## Brain-Teaser 471

**From The Sunday Times, 7th June 1970** [link]

Plott was showing Green his garden. “A fine lawn”, commented Green. “Thank you. It’s remarkable, too. The sides run exactly north-south and east-west.”

The strolled to a flower bed cut in the lawn. “When I came here”, said Plott, “there was just a triangle. One side, of 15 feet, was parallel to the north side of the lawn, and from its western end the second side rand due south for 22 feet. Rather a miserable affair. So I constructed these squares outwards from two sides; the north edge of the small square ran exactly along the north side of the lawn, while one corner of the large square just touched the east side of the lawn — where the flagpole now stands. But I want to enlarge it again”.

“If I might make a suggestion”, replied Green, “you could join up the outside corners of the squares and give the bed a nice five-sided outline”. Plott thought this a good idea.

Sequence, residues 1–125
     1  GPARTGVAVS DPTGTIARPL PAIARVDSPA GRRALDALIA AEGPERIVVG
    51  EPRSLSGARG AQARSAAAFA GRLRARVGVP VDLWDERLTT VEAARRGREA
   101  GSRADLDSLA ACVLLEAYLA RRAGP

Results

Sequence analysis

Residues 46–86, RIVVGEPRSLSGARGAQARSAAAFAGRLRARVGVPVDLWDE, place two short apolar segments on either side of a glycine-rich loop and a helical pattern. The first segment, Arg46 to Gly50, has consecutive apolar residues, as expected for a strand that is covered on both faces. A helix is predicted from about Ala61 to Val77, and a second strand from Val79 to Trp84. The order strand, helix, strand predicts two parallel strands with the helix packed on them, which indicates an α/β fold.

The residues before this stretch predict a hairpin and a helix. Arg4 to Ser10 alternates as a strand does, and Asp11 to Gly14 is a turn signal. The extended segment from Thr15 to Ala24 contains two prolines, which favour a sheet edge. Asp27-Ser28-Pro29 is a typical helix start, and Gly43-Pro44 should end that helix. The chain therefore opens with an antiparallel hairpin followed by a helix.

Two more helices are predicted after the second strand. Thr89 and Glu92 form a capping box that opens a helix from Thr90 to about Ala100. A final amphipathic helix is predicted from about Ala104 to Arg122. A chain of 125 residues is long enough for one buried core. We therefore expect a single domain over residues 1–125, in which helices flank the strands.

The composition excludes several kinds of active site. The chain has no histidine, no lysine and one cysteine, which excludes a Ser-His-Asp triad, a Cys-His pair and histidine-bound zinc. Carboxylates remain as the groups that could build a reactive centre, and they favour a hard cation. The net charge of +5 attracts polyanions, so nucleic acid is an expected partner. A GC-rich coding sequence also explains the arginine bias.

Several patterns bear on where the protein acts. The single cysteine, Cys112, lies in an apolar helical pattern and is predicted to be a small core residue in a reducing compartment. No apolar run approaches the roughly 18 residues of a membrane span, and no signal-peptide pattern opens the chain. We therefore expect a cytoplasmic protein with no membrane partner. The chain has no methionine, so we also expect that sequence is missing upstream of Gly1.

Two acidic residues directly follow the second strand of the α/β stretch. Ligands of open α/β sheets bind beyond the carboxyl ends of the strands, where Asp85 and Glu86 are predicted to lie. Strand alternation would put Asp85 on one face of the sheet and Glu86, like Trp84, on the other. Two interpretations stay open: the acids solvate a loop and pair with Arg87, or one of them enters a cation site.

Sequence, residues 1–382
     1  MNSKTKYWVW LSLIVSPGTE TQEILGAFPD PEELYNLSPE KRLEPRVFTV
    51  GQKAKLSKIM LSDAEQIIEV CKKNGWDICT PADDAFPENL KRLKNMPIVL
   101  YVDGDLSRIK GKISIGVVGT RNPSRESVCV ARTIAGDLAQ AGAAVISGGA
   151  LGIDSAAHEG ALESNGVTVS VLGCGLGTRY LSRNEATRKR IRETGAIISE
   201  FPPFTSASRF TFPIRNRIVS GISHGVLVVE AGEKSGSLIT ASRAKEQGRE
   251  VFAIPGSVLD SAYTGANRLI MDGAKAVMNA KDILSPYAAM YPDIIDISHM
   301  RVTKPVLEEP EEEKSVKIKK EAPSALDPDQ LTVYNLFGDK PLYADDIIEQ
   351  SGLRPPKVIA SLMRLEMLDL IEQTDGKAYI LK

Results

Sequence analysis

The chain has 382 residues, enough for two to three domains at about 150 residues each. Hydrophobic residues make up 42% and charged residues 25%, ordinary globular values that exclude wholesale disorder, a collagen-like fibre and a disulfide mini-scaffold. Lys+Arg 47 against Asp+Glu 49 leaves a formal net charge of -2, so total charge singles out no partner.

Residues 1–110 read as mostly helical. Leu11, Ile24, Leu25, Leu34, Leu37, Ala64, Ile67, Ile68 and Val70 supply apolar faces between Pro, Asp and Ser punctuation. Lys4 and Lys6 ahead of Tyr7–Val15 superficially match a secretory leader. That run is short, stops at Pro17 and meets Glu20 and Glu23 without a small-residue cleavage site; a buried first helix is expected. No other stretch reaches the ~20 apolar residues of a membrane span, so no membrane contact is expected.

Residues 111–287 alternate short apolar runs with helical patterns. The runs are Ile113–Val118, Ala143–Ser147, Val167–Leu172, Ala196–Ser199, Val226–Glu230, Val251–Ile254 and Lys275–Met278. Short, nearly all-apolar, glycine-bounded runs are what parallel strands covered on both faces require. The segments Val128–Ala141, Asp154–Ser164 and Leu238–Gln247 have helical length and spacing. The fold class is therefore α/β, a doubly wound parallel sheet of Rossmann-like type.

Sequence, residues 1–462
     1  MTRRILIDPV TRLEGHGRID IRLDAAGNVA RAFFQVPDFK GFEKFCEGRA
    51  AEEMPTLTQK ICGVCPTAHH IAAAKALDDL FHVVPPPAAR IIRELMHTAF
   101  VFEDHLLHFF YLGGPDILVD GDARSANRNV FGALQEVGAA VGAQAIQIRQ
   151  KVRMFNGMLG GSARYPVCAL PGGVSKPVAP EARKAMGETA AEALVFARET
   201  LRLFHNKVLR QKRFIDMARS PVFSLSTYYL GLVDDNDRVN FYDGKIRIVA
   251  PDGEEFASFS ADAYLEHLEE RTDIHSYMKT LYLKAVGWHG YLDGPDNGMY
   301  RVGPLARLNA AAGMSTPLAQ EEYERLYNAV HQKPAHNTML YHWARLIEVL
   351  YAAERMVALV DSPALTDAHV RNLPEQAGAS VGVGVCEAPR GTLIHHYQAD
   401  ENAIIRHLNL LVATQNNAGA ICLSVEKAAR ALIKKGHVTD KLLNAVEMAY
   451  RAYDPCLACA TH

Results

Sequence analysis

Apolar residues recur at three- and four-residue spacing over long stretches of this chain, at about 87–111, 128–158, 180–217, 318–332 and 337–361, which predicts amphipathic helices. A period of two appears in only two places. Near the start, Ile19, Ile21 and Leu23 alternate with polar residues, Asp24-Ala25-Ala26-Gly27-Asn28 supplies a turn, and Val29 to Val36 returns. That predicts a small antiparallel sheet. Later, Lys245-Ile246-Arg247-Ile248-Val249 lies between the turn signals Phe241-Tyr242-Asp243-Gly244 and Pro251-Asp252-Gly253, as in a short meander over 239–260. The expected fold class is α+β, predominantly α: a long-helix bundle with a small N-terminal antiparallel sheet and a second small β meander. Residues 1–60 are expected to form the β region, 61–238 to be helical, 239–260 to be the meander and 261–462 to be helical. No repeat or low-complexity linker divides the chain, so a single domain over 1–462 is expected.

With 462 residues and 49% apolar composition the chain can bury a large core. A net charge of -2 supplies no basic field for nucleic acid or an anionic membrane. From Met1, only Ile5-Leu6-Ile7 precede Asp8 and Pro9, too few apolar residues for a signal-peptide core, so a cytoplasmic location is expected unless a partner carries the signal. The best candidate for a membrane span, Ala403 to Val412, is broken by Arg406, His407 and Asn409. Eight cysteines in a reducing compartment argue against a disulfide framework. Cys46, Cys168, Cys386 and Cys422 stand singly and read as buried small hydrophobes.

Next day he ran a line from the flagpole to the north-east corner of the small square, and then worked on the triangle formed by this line, to east side of the small square and the side of the large square running from the small square to the flagpole.

How many square feet were in this new piece?

[teaser471]

## Jim Randell 12:48 pm

on13 April 2019 Permalink |This is mostly an exercise in following the instructions to draw the following diagram:

Red line segments are 15 ft, green line segments 22 ft, and blue line segments √(709) ft (but we don’t need to know that).

We start with the right-angled triangle with red, green, blue sides on the left, and then add the red and blue squares. This lets us construct the desired (yellow shaded) triangle, which we see has a red N-S “base” of 15 ft, and by placing a second red, green, blue triangle within the blue square, we see the desired triangle has a green W-E “height” of 22ft. So it has the same area as the original triangle.

Solution:The area of the triangle is 165 sq. ft.LikeLike